If one wants to use something over and over again without re-creating, establishing a library is a good idea.
For comparison, to learn about 'anthropology' one can simply go to the library, get the book (or a few books) and use them as 'references'. The same approach works for me with the exception that I will source 'stick figures' rather than books.
Stick figures as explained in a previous web log entry 'represent' (human) beings in drawing, for example in storyboards for movie productions. The stick figure can be male or female (or a hybrid). As soon as I 'stick' (pun intended) such a sketchy drawing in my library I can re-use it over and over again. That speeds up the process of drawing, and I can concentrate on the narrative (i.e. the story) rather than the technology (i.e. drawing).
Here is an example of a stick figure's parts (skull, chest, hips).
Stick figure from three angles: side, 3/4, front
I see the advantage of shelving the head, upper-body and lower-body for each angle separately in my library so I can move them around individually, to arrange more different poses.
Below is an example of how a stick figure underlays a more detailed sketch.
Dean Yeagle's sketch of girl 'Mandy' follows the general shape of the side view of my stick figure. Although to accentuate the female body he has decreased the chest, increased the breasts and the head. Also, whereas her body is 'drawn' from the side, her head is actually facing 3/4 aside (i.e. profile). Had I used the 3/4 head of my stick figure, the 'match' would have been even closer.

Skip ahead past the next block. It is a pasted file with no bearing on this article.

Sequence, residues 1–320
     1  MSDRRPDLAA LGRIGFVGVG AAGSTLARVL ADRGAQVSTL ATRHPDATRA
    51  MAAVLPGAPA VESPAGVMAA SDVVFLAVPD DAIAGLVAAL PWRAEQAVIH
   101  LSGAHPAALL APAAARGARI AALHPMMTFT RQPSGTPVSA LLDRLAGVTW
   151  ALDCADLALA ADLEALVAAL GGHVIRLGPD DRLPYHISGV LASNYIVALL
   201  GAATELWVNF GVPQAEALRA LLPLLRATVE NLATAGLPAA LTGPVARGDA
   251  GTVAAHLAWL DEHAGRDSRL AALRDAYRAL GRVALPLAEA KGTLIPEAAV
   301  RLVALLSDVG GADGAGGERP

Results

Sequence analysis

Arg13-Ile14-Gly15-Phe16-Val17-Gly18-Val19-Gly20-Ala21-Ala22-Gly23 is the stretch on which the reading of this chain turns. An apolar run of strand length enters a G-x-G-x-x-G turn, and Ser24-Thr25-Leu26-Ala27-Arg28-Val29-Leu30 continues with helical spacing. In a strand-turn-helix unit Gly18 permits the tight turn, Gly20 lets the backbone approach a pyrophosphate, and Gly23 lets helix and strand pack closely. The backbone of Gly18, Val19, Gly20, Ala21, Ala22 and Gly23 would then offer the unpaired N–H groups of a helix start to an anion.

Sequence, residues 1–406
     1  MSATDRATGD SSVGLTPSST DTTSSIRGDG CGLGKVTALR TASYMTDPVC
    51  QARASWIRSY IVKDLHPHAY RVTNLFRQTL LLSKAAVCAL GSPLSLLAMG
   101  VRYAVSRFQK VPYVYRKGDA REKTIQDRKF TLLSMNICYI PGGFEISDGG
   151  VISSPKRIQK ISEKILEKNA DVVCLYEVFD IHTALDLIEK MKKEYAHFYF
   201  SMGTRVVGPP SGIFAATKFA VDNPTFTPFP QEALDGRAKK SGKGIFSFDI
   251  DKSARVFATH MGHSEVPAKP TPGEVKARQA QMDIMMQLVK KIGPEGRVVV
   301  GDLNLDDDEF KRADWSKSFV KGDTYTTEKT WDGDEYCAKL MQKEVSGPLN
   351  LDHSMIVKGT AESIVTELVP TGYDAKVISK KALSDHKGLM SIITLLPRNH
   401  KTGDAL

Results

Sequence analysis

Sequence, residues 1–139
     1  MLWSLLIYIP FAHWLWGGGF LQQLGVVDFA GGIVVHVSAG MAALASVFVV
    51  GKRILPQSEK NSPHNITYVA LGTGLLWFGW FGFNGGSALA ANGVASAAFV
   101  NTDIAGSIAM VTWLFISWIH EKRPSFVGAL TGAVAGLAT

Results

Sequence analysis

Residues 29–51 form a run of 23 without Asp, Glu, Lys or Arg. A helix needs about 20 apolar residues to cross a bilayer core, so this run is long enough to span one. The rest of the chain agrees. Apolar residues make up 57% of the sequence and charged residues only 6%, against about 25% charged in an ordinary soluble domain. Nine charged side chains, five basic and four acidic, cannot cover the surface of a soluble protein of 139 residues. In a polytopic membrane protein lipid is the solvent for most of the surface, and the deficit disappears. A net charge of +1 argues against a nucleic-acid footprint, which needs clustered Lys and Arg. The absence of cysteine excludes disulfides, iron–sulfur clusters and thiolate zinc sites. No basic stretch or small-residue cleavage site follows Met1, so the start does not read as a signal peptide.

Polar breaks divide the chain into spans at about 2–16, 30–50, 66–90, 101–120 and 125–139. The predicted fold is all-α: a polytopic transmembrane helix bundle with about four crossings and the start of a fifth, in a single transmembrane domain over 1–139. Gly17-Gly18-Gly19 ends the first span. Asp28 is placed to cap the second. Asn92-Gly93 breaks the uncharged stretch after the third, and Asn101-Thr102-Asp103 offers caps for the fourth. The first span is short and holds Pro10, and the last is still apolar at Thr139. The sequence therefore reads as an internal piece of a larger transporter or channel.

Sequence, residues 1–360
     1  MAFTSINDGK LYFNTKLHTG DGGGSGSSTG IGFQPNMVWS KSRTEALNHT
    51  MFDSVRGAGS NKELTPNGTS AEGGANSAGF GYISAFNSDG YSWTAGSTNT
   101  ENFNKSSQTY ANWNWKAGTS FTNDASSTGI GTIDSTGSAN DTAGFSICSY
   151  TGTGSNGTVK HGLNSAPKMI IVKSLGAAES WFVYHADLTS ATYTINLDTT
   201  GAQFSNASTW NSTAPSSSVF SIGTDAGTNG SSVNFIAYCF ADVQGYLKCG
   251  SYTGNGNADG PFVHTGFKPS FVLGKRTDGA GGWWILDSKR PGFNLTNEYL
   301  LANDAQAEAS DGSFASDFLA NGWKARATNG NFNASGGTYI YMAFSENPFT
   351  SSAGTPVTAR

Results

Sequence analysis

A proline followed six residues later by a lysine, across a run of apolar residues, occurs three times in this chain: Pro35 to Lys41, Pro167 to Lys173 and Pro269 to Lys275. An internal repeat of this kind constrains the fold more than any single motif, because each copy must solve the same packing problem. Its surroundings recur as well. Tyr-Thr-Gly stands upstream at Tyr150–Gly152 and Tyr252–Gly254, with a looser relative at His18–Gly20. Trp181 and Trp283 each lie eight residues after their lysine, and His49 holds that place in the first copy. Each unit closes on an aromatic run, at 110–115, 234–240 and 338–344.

Excerpt from an interview with animator Dean Yeagle:
How important is color to you when designing characters?
"Not important at all in the beginning stages. First the line, always. Color adds mood or indicates a character's state of mind or general health perhaps, and is therefore a very important component eventually, but first of all is the character, expressed in line. The ultimate color may be in the back of my mind as I design, but usually that comes later. In designing backgrounds, however, the color may well be the first thought and the determining factor in the end result."
Rather than using one (big) library where I could store all re-usable items (such as stick figures) to make a specific storyboard, I have decided to store the stick figures in a 'shared' library. This way I can develop different storyboards, whilst sourcing from a single, specific library of stick figures. I need only to keep my stick figure library updated and well-organized to have all using storyboards benefit from it.
Shared libraries, rather than one massive single storyboard-tied-in library.